Are all benchmarks lies? Nitsan Wakart joins the show to explain the discipline of performance engineering, the ingredients of an effective benchmark, why you should always create custom benchmarks based on your expected workload, and the benchmarking effort we undertook for DSE 6.
0:15 - Nitsan introduces his background in performance engineering at companies including Push Technology and Azul Systems and how he ended up at DataStax working on DSE 6.
3:18 - Defining the role of a “performance engineer” - applying scientific approaches
5:37 - On the bad reputation of benchmarks: abuse in marketing means that many benchmarks don’t actually mean what the “headline” says they mean. Brendan Gregg from Netflix has a great reference book on Systems Performance
8:50 - An example of bad math in benchmarks: dividing throughput by number of messages to get latency. This can result in benchmark metrics that are actually meaningless for your domain. The recommendation on Java benchmarking is traditionally “Don’t do it”, but it’s not evil, and should be part of the curriculum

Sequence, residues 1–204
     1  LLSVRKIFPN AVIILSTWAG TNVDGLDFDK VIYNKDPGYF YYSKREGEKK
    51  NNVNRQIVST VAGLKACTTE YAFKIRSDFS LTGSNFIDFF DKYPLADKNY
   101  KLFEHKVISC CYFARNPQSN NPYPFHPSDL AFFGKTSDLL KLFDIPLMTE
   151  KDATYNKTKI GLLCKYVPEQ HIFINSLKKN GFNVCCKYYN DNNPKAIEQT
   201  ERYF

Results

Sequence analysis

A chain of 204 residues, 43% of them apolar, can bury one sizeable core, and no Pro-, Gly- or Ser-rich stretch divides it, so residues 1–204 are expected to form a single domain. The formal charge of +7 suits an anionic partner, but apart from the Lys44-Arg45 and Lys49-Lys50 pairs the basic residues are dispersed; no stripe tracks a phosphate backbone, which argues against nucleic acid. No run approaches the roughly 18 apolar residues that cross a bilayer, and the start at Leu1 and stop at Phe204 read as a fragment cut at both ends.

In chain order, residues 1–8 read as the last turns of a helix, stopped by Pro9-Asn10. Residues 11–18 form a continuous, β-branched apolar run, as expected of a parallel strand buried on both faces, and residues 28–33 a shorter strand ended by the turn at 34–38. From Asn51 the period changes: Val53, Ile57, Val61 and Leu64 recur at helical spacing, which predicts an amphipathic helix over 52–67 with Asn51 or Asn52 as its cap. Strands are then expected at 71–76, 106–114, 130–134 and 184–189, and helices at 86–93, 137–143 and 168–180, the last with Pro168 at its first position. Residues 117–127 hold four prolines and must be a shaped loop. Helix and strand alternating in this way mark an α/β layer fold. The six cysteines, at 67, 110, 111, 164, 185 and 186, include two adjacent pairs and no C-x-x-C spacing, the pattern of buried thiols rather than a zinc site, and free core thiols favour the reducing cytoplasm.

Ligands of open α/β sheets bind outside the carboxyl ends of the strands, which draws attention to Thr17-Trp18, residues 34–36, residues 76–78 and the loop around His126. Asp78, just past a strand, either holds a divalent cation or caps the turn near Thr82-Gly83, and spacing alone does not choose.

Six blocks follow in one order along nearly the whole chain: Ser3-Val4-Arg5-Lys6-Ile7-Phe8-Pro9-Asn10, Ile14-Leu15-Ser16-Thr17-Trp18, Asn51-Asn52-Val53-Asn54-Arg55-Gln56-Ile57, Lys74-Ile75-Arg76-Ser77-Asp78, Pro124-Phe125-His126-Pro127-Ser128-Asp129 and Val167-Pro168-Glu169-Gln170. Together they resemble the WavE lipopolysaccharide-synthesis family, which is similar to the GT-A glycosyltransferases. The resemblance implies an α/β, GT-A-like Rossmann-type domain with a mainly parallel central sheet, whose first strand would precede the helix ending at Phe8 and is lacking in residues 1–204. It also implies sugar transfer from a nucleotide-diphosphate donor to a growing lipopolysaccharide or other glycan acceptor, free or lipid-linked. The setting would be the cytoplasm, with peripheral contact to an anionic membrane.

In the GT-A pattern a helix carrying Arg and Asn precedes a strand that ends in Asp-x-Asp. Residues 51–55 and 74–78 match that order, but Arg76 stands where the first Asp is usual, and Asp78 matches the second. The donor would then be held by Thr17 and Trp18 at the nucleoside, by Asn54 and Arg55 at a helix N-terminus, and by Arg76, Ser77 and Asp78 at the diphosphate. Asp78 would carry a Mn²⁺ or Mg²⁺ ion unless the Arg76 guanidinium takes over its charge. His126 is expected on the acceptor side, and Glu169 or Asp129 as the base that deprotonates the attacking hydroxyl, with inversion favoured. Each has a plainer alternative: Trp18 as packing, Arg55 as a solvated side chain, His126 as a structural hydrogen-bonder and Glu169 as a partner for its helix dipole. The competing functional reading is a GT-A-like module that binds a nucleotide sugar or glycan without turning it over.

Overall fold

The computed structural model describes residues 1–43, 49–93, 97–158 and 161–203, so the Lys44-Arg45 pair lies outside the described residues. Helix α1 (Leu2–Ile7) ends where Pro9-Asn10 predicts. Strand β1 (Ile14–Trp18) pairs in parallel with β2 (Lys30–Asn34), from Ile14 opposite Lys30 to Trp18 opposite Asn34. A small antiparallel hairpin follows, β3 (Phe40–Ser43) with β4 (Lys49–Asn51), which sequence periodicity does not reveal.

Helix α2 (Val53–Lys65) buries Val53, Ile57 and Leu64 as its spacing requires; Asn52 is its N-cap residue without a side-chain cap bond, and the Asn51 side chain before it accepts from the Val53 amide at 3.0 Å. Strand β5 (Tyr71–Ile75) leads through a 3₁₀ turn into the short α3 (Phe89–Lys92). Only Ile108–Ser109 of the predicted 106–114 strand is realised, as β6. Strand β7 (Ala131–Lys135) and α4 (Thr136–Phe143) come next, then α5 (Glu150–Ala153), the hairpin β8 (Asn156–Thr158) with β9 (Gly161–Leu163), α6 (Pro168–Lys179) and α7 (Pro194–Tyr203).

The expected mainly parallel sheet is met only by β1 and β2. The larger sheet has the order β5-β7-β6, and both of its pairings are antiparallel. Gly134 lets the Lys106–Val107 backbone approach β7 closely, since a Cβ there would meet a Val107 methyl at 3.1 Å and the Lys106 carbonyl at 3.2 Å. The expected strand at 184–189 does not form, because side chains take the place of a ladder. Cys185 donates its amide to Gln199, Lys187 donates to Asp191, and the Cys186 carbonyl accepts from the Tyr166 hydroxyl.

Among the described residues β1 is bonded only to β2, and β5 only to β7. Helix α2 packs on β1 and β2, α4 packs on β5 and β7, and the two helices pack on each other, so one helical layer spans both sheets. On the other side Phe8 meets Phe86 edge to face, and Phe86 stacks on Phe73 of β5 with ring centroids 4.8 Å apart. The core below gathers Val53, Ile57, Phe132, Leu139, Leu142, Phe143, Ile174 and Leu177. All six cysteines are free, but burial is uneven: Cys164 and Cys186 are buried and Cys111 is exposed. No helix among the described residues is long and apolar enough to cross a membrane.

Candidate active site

11:24 - The ingredients of good benchmarking: a use case, hardware, JVM version, and measurements of the system at rest. “Performance is easy, all you have to understand is everything.”
13:05 - Taking lots of measurements and measuring variance is important. It’s rare to get two measurements that are exactly the same. Experiments should run long enough to be relevant for the domain, and for JVMs you need to have a warm up period.
17:01 - Benchmarking distributed databases requires a variety of benchmarks with different workloads on different hardware. To keep the combination of options from exploding we give particular weight to scenarios from the field.
19:52 - On how DataStax rationalizes the marketing message of DSE 6 being 2x faster than DSE 5 and Apache Cassandra. In particular, scaling to larger numbers of cores yields more than 2x improvements. Tail latencies are vastly improved even at higher load.
23:26 - Nitsan’s advice on how to do benchmarking for your own applications. Instead of running “standard” benchmarks, focus on custom benchmarks that approximate the workload of your applications.
26:26 - Nitsan suggests a few engineers you should follow to get educated on performance engineering. JMH is a great tool, and the mechanical sympathy mailing list is also recommended. Finally, ask for help! The performance engineering community is helpful.
30:59 - Wrapping up